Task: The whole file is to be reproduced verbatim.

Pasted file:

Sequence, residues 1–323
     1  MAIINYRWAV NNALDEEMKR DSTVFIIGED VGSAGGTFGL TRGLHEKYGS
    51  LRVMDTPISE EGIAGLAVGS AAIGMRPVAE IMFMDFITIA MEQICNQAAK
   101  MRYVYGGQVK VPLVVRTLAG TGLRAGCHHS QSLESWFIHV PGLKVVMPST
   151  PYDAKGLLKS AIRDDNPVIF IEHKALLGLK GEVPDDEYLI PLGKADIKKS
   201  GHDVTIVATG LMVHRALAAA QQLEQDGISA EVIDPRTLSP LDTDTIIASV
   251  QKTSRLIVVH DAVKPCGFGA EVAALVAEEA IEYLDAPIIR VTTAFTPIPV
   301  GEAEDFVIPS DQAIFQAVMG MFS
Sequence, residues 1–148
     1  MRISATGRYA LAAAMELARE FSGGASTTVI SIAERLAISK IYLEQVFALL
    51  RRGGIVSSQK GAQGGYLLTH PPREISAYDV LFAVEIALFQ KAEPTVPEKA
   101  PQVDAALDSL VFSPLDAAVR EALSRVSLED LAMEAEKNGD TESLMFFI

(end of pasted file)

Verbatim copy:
Sequence, residues 1–323
     1  MAIINYRWAV NNALDEEMKR DSTVFIIGED VGSAGGTFGL TRGLHEKYGS
    51  LRVMDTPISE EGIAGLAVGS AAIGMRPVAE IMFMDFITIA MEQICNQAAK
   101  MRYVYGGQVK VPLVVRTLAG TGLRAGCHHS QSLESWFIHV PGLKVVMPST
   151  PYDAKGLLKS AIRDDNPVIF IEHKALLGLK GEVPDDEYLI PLGKADIKKS
   201  GHDVTIVATG LMVHRALAAA QQLEQDGISA EVIDPRTLSP LDTDTIIASV
   251  QKTSRLIVVH DAVKPCGFGA EVAALVAEEA IEYLDAPIIR VTTAFTPIPV
   301  GEAEDFVIPS DQAIFQAVMG MFS
Sequence, residues 1–148
     1  MRISATGRYA LAAAMELARE FSGGASTTVI SIAERLAISK IYLEQVFALL
    51  RRGGIVSSQK GAQGGYLLTH PPREISAYDV LFAVEIALFQ KAEPTVPEKA
   101  PQVDAALDSL VFSPLDAAVR EALSRVSLED LAMEAEKNGD TESLMFFI